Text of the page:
II. Traditional Credit Risk Management Tools
Prior to the development of credit derivatives, lenders hedged credit risk by obtaining letters of credit, requiring guarantees, or purchasing insurance. With credit derivatives, a lender is able to achieve the same credit risk management objectives as obtained from the traditional methods, but with greater accuracy and at a lower cost, while at the same time preserving client relations.
Letters of credit, guarantees, and insurance all place the lender in the same financial position as if a default has not occurred. For instance, a standard letter of credit is an instrument issued by a bank guaranteeing the payment of a customer’s draft for a specified period up to a stated amount. The letter of credit effectively substitutes the buyer’s credit with the bank’s, greatly reducing the seller’s risk. In the event that the buyer does not make good with its commitment, the bank will see that the seller is put in the position that it would have been had the buyer not defaulted. A credit default swap also ensures that a lender is made whole by transferring the credit risk to another party. In credit default swaps, one party receives periodic payments or an up-front fee in exchange for agreeing to make a payment to another party if a particular, predetermined credit event occurs. The swap allows the lender to eliminate its exposure to the debtor’s credit risk while keeping the loan on its balance sheet and maintaining client relations.
III. Taxation of Total Return Swaps
A total return swap is a contract where one party (hereinafter: the receiver) receives the total positive return on a security or basket of securities (hereinafter: the reference obligation) from another party (hereinafter: the payer). In exchange, the payer receives periodic fixed or floating-rate payments on the reference obligation plus any depreciation in capital value. (See Diagram 1, below.) The Most relevant guidance with respect to the taxation of total return swaps is contained within the rules governing notional principal contracts.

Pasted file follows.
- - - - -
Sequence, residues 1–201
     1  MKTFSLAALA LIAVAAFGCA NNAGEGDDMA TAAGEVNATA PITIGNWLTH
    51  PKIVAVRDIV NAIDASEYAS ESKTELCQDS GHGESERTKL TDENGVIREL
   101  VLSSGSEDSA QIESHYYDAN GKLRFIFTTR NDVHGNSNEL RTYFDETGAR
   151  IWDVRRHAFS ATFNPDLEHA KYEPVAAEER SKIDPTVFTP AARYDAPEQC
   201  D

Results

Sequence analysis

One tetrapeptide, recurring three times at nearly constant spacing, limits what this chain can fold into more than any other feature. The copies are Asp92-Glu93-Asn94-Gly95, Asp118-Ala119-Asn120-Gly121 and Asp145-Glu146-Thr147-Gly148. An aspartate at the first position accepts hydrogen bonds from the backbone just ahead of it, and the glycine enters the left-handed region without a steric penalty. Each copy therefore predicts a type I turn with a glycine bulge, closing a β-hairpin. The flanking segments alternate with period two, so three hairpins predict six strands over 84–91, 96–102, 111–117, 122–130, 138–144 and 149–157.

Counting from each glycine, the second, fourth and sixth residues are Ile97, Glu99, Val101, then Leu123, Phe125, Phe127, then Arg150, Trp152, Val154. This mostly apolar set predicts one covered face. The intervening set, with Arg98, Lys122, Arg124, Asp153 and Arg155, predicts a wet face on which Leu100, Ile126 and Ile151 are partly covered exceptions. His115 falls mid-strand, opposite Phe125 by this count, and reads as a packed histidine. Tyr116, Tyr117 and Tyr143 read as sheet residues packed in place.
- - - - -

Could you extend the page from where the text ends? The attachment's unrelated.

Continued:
IV. Notional Principal Contracts
A notional principal contract is defined as a financial instrument that provides for payments by one party to another at specified intervals, calculated by reference to a specified index upon a notional principal amount, in exchange for a promise to pay similar amounts or other specified consideration. A “specified index” can be any of the following:
- fixed-rate, price, or amount (or a combination thereof)
- index based on objective financial information; or
- interest rate index regularly used in normal lending transactions between a party to the contract and unrelated persons.
A notional principal amount is a specified amount of money or property that, when multiplied by the specified index, measures a party’s rights and obligations under the contract, but is not loaned or borrowed between the parties. Most total return swaps will be considered notional principal contracts for tax purposes. In a simple total return swap arrangement (such as the one described above), the payer’s periodic payment of coupon plus the net change in the capital value of the reference obligation (i.e national principal amount) and there receiver’s periodic fixed or floating rate payments are all considered payments at “specified intervals” and calculated by reference to a “specified index” (i.e. LIBOR and coupon payment) (See Diagram 2, below). If the total return swap only calls for bullet payments by each party at maturity, the swaps are not a notional principal contract as there are no payments being made at specified intervals